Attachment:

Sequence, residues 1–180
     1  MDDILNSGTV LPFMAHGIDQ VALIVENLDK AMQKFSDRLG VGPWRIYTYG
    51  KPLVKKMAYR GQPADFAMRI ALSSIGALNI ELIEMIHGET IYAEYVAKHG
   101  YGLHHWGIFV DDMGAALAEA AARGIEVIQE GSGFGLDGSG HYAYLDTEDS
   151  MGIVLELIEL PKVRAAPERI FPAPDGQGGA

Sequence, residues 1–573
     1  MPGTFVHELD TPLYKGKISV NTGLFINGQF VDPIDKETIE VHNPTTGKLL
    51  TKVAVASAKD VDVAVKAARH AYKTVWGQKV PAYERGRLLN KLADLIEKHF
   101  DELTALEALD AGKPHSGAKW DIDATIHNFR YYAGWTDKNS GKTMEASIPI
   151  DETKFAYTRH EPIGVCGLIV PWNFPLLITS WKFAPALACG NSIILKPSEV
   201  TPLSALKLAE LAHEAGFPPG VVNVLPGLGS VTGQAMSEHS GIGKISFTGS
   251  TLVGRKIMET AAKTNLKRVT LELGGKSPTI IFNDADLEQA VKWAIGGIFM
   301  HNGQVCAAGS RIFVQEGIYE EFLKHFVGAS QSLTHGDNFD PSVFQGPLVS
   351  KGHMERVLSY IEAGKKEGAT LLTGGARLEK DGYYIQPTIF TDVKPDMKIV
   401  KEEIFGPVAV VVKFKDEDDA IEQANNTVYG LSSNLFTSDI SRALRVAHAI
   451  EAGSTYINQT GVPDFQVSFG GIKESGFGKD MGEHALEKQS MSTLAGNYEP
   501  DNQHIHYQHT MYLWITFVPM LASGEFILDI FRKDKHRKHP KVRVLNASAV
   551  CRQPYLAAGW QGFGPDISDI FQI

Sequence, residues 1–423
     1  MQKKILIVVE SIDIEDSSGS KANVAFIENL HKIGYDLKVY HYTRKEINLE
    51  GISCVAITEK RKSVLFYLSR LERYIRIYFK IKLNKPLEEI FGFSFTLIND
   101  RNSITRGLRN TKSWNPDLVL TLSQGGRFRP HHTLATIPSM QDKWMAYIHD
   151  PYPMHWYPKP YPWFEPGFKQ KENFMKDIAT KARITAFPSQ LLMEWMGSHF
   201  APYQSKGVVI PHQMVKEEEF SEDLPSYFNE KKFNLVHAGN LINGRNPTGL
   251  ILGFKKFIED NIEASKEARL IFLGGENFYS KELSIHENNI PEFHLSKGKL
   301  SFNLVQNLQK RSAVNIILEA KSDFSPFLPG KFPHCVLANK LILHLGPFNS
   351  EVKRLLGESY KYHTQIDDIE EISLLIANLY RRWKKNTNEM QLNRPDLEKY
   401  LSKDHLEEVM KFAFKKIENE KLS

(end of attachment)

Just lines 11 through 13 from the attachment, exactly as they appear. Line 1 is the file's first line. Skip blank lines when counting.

   201  TPLSALKLAE LAHEAGFPPG VVNVLPGLGS VTGQAMSEHS GIGKISFTGS
   251  TLVGRKIMET AAKTNLKRVT LELGGKSPTI IFNDADLEQA VKWAIGGIFM
   301  HNGQVCAAGS RIFVQEGIYE EFLKHFVGAS QSLTHGDNFD PSVFQGPLVS